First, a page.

To resolve this confusion, we considered the necessity of standardizing the incubation time for imaging ATTR cardiac amyloidosis using 99mTc-PYP. To achieve this, we performed comparisons of quantitative parameters measured with planar imaging between images acquired 1 and 3 h after the injection of a tracer.

Materials and methods


Data collected from 28 patients suspected of having cardiac amyloidosis based on clinical findings and who underwent 99mTc-PYP nuclear scintigraphy at Nagasaki University Hospital between October 2017 and February 2020 were retrospectively analyzed. This is a retrospective study using routine clinical examination. Ethical approval was granted by the Ethics Committee of Nagasaki University Hospital (Approve No.: 20111631), with a waiver of written informed consent in view of the retrospective nature of the study. All procedures conducted in the studies involving human participants were in accordance with the 1964 Helsinki Declaration and its later amendments or comparable ethical standards.

Image acquisition

Patients were intravenously injected with 700–900 MBq of 99mTc-PYP and planar images in the anterior and lateral projections were obtained 1 and 3 h later. SPECT was performed after the acquisition of planar images at 3 h. The data from SPECT images are not used in the present study, except for the Perugini grading of the cases.

Planar imaging and SPECT/CT were conducted using a Symbia T SPECT/CT camera (Siemens Germany). Regarding planar images, data were acquired using a 128 × 128 matrix, low energy high-resolution collimator, and 15% energy window. In SPECT/CT, the same energy window with a 64 × 64 matrix and 360° rotation were used with CT attenuation corrections.

Image interpretation

Images were analyzed using two methods. The semiquantitative visual scoring of cardiac retention applying the Perugini score [11] was performed using planar and SPECT/CT images. Grades 2 and 3 were considered to be positive findings according to the AHA statement. In the quantitative analysis [12], a circular region of interest (ROI) was drawn over the heart on anterior images in the standard manner, copied, and mirrored over the contralateral chest. The fraction of mean counts in the heart ROI-to-contralateral chest ROI was calculated as the heart-to-contralateral (H/CL) ratio. This calculation was performed on images acquired at 1 and 3 h, followed by a comparison of counting. To assess bone accumulation, an equal volume with an irregular ROI was drawn over the sternum on anterior planar images. The proportion of mean values in the ROI of the sternum in relation to the contralateral area of the chest was calculated as the bone-to-contralateral (B/CL) ratio. The B/CL ratio of images acquired at 1 and 3 h was compared. OsiriX MD 11.0 software (Pixmeo, Switzerland) was used for image interpretation and analysis.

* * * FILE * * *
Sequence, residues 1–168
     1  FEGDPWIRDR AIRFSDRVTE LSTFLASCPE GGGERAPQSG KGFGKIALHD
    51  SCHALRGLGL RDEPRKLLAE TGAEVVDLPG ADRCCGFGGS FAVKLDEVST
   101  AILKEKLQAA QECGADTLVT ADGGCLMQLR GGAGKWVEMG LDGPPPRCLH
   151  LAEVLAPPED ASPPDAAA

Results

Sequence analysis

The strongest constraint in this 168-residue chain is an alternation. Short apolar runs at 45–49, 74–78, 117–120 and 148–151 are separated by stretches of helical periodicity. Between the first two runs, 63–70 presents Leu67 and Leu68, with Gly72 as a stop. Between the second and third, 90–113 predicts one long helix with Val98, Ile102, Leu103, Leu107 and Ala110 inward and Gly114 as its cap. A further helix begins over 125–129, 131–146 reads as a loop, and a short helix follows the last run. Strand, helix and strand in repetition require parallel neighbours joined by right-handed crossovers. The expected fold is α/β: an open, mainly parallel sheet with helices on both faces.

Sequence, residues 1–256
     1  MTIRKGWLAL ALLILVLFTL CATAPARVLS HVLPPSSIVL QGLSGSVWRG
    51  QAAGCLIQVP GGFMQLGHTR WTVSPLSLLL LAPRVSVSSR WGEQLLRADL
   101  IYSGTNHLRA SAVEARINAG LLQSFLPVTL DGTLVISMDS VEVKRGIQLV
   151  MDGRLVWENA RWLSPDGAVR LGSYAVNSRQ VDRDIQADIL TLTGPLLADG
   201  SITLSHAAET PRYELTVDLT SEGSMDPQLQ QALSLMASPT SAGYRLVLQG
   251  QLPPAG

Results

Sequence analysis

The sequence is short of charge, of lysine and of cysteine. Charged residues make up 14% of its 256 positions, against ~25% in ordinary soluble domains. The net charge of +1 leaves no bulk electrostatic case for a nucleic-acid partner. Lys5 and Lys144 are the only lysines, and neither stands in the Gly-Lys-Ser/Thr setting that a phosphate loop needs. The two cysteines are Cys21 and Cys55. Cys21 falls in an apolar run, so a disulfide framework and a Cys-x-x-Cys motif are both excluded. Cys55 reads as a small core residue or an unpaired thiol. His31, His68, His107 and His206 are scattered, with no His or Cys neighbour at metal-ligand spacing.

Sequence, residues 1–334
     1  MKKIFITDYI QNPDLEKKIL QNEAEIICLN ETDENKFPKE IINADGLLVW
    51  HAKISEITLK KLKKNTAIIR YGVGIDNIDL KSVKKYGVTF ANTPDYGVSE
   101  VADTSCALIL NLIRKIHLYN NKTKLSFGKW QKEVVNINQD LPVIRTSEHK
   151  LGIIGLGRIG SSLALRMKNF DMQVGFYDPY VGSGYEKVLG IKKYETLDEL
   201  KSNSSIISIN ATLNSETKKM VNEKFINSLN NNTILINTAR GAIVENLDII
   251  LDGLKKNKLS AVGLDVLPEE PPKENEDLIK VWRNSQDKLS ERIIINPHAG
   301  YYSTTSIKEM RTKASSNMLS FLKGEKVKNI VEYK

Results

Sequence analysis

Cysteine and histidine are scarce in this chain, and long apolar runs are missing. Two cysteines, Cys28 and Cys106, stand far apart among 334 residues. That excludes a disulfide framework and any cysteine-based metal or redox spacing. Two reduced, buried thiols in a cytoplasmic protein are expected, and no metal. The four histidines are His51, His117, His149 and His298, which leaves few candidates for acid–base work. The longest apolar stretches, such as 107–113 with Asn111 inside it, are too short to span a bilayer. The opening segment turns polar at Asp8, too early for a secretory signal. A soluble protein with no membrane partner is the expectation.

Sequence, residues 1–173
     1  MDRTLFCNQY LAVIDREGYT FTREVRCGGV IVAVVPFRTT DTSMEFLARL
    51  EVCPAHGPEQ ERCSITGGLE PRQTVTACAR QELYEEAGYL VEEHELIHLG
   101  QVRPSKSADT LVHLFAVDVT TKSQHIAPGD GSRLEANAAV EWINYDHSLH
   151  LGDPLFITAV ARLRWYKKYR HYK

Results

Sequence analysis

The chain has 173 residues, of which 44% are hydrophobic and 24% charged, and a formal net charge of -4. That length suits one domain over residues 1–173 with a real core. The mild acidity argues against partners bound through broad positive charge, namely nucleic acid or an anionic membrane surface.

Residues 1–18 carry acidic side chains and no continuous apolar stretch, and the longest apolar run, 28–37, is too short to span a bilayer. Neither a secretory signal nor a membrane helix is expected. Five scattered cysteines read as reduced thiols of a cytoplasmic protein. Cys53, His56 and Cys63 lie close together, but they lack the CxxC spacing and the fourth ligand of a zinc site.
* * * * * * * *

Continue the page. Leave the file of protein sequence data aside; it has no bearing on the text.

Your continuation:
We chose to employ the diagnostic algorithm outlined in the American Heart Association (AHA) statement as the gold standard for diagnosing amyloid cardiomyopathy, subsequently creating the diagnostic flowchart depicted in Fig. 1 based on this framework [6]. Briefly, the possibility of other cardiac diseases, such as hypertrophic cardiomyopathy and constrictive pericarditis, was investigated. Patients demonstrating evidence of monoclonal light chains were excluded from the analysis. The remaining patients were diagnosed with cardiac amyloidosis (positive group) when 99mTc-PYP imaging indicated a H/CL ratio (measured on planar image obtained after 1-h incubation time, according to the ASNC guidelines) > 1.5 or a visual uptake (Perugini grade) equal to 2 or 3. Visual uptake grading was conducted by two interpreters, TK, a nuclear cardiologist with 30 years of experience, and AI, a researcher with 4 years of expertise in cardiac amyloidosis, using both planar and SPECT images, based on their mutual agreement. Patients not meeting these criteria were categorized into the negative group. These two groups were then compared. In our study cohort of 27 patients, grouping by visual assessment (Perugini score) and quantitative methods (H/CL ratio at 1 h) showed complete agreement, comprising 13 negative and 14 positive cases by both methods. No discordant cases were found, indicating a strong concordance between visual and quantitative methods for the diagnosis of ATTR cardiac amyloidosis in our cohort.